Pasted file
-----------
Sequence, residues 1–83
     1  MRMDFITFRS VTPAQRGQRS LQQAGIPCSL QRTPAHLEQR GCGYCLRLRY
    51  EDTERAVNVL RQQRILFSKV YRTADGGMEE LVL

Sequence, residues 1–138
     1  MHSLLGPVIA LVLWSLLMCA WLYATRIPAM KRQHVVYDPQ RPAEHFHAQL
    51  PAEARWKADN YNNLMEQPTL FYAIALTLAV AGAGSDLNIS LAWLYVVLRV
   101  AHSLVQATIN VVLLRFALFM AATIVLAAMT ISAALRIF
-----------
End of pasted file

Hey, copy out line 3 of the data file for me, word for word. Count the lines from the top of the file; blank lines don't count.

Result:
    51  EDTERAVNVL RQQRILFSKV YRTADGGMEE LVL